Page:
Telltale Signs of Troubled Marriage

There is no consensus regarding the factors that produce a happy marriage. Indeed, there are many and diverse positive characteristics that couples have discovered to make their marriages meaningful, satisfying, and mutually fulfilling. While certain themes tend to emerge in studying happy marriages not all happy marriages have all of the same positive traits in common. There are many paths to marital bliss.  On the other hand, marriage researchers have known for decades that there are specific and solidly defined factors that are accurate predictors for marital failure. In fact, a doomed relationship can be predicted with over 90% accuracy when specific negative traits are present. Nearly all failed marriages can be attributed in some way to one or more of four well-documented characteristics.

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Belittlement – Perhaps the worst of the four marriage killers occurs when spouses disparage, devalue, speak contemptibly, or otherwise invalidate one another in some way. To state it simply, belittlement takes place when one sees their partner as inferior in some way. It is manifested through personal attacks on a spouse’s personality or character – whether spoken or inferred.

Belittlement can take many forms that range from subtle to overt. While caustic, hurtful remarks are a common feature of belittlement it can also be manifested through insinuated insensitivity and invalidation through implication.


Withdrawal – The pattern of withdrawing in a relationship can take many forms but it stems from a common cause. While it can stem from anger or a vengeful attitude, withdrawal generally originates when one’s emotional safety is perceived to be threatened.

Withdrawal often has a progressive presentation that varies depending on the degree of perceived emotional threat. In beginning stages it takes the form of emotional unavailability (i.e. “shutting down” emotionally). This often gives way to withdrawal from meaningful communication and, finally, physical avoidance.


Escalation – The phenomenon of escalation occurs when partners respond back and forth negatively to one another whether verbally or behaviorally. With each response the dispute widens becoming more and more negative and severe.

A classic presentation of escalation begins with a relatively trivial disagreement that grows into a major confrontation. For example, a disagreement gives way to a heated debate, which gives way to an angry argument, which gives way to animated behavior (e.g. screaming, slamming doors, storming out of the room), which gives way to threats to break up the relationship, which gives way to leaving the home, and so forth.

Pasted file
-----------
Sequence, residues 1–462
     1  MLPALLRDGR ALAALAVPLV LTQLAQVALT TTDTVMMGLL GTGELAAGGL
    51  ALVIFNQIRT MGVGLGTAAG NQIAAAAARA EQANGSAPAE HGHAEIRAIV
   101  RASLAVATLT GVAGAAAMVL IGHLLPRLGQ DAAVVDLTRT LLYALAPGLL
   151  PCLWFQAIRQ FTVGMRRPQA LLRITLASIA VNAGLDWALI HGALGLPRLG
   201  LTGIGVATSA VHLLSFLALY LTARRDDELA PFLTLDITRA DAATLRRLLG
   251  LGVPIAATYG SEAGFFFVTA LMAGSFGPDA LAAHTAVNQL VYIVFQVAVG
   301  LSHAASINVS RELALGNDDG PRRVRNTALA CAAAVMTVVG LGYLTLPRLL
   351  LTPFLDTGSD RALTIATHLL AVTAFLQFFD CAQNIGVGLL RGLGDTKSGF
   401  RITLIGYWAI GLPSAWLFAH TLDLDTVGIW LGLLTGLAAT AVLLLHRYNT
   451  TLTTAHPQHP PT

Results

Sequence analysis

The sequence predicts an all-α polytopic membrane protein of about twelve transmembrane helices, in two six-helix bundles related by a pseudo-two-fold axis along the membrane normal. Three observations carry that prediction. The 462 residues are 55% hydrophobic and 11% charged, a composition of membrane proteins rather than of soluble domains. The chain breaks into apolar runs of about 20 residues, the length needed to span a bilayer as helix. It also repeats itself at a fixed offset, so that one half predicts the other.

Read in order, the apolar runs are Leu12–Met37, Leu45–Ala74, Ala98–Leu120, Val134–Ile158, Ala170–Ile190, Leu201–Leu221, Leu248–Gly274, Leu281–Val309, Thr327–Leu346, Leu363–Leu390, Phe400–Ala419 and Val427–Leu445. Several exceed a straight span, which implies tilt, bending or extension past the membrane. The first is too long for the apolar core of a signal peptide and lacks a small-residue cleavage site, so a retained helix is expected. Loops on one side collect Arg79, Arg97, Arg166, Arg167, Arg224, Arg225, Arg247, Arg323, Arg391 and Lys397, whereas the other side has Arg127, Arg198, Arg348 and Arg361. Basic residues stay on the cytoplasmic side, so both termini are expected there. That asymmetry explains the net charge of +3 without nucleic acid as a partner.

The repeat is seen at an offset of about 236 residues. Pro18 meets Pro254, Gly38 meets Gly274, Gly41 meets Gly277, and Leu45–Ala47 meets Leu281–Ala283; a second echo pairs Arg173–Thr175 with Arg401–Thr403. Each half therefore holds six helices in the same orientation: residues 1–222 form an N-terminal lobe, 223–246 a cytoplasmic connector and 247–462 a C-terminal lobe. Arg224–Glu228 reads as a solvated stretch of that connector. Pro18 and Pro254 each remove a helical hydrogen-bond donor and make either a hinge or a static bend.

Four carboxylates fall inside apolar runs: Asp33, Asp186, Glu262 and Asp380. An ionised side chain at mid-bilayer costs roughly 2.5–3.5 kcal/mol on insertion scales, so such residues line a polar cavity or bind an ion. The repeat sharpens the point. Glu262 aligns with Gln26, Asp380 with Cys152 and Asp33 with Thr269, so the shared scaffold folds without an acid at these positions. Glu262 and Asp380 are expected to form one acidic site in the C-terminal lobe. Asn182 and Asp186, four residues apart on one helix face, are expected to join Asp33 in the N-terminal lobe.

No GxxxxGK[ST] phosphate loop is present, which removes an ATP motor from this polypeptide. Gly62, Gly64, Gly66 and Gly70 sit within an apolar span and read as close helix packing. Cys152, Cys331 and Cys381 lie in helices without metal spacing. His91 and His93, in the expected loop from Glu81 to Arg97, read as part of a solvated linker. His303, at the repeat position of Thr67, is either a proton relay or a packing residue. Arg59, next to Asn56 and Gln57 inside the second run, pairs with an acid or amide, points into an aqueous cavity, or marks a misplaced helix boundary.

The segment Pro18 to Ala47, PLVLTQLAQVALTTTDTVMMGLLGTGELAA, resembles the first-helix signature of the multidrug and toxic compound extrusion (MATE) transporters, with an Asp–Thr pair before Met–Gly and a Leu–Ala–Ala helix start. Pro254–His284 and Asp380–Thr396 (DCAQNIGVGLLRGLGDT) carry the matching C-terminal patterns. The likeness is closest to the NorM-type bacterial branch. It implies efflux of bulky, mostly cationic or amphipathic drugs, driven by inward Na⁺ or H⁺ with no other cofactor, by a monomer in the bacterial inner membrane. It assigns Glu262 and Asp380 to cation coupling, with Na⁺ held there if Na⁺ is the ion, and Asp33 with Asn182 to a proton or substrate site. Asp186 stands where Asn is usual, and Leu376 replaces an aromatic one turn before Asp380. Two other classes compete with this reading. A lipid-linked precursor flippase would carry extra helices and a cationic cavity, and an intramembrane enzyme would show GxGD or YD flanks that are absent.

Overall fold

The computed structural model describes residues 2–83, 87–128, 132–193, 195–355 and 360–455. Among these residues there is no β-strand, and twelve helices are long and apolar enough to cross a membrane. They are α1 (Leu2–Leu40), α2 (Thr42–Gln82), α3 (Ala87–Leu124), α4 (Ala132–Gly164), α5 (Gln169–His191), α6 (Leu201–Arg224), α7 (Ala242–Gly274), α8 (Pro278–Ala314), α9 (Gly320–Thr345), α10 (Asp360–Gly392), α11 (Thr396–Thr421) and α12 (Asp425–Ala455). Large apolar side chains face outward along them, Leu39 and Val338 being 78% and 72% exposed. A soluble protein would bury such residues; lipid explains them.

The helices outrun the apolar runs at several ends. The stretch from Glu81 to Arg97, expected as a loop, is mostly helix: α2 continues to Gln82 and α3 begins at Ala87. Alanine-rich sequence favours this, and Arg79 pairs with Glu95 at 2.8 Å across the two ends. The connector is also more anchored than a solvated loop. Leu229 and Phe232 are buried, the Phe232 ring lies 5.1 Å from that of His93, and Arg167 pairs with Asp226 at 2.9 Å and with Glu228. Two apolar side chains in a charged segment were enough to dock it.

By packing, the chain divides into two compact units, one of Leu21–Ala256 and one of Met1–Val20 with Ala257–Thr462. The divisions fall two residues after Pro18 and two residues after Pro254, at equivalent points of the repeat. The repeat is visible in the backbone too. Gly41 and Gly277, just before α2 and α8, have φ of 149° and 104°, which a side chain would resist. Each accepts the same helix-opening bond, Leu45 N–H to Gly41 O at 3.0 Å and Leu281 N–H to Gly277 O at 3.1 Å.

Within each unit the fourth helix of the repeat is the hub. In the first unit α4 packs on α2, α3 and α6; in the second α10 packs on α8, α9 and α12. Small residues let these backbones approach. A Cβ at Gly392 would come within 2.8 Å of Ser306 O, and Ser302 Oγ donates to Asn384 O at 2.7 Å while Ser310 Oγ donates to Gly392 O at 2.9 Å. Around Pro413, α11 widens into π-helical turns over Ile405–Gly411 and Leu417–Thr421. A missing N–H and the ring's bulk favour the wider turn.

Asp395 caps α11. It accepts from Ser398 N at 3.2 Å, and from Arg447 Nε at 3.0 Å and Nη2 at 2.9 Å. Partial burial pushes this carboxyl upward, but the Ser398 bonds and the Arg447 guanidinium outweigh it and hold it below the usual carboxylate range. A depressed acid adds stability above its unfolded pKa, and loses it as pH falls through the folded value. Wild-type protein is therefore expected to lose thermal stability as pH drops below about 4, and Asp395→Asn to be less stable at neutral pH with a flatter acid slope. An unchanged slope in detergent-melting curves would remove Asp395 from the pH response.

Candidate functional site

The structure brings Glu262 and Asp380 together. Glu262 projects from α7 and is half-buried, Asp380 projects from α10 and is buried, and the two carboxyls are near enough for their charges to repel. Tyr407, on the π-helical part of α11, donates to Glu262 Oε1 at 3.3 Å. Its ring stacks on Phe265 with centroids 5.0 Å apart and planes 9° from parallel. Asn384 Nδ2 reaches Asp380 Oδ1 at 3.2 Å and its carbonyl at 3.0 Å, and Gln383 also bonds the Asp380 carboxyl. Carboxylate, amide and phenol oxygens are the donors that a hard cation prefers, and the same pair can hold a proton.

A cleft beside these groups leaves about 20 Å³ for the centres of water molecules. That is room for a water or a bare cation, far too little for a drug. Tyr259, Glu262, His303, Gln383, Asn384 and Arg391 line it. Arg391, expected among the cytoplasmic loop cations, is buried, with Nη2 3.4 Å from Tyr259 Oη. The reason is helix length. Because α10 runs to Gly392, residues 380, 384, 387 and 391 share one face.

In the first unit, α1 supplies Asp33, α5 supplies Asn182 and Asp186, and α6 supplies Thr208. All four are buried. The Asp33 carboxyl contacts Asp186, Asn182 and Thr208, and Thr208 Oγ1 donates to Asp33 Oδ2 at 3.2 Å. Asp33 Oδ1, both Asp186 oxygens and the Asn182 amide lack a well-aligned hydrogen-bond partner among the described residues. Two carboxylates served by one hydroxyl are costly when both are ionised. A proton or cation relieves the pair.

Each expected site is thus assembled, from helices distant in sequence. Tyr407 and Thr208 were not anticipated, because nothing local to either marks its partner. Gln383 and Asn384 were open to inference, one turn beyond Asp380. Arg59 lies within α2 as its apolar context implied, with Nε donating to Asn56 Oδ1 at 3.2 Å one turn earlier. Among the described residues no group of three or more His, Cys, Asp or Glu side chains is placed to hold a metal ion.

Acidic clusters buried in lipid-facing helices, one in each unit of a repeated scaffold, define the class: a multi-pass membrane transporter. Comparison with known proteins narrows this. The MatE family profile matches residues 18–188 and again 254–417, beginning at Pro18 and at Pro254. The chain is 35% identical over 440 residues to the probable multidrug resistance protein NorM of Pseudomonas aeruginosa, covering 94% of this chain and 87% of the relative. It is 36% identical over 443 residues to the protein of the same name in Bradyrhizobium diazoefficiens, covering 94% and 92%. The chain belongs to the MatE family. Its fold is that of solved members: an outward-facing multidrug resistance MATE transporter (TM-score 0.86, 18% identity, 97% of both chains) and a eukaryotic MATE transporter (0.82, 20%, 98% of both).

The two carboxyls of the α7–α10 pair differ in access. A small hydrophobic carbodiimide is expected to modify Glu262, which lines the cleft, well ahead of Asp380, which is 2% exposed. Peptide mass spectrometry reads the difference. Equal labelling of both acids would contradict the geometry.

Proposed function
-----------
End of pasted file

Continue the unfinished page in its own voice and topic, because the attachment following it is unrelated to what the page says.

However, a situation must not always be flamboyant in order to escalate. Rolling eyes, the “silent treatment”, intentional emotional detachment, withholding intimacy, and other actions can serve as more subtle forms of manipulation and control through escalation.


Negative Perception – The least detectable and, therefore, most difficult to overcome of the four marriage killers is negative perception. While the first three factors are easy to observe, people generally have very poor insight with respect to their negative beliefs and interpretations.

To state it simply, negative perception is seeing wrong with one’s spouse even when it isn’t there. In other words, believing that the actions or motives of one’s partner are more negative than is really the case. Examples of negative perception include believing your spouse does not love you, is deliberately ignoring you, wants to hurt you emotionally, and so forth when there is little or no evidence to logically warrant such an interpretation.

Negative perception can originate from a variety of causes including a mistrusting family of origin, personal insecurities, low-self esteem, and many more variables. Because one lacks insight regarding this condition, perception feels like reality. Therefore one’s negative beliefs become self-fulfilling prophecies. Negative interpretations can lead to a confirmation bias in which one sets out to find evidence to confirm negative beliefs.

Negative perception erodes marriages because individuals tend to become defensive when accused. A pattern of negative interpretations result in feelings of frustration and fatalism on both sides. On one hand, the unrealistic expectations of one spouse’s negative beliefs cannot be fulfilled to satisfaction. On the other hand, the accused spouse comes to feel that he/she can do nothing right which leads to resentment.

What are we to do? Married couples must avoid these four factors that destroy marriages at all costs. Only deliberate and sincere self-examination coupled with a commitment to eradicate these negative characteristics from our relationships are sufficient to ensure the maintenance of a healthy marriage. When marital troubles surface, we must realize that it is impossible to “fix” the problems by interjecting positive traits without first identifying and removing the factors that are harming the relationship. The harmful characteristics will only serve to overshadow and negate any positive actions that we endeavor. First get rid of the bad, then the path will be cleared to focus on the good.

Kirk VanOoteghem serves as Executive Pastor of River of Life in Muncie, Indiana.  He has many years of experience as a marriage counselor and educator and is the founder of MarriageMoment.org – an online ministry dedicated to protecting and strengthening marriages.

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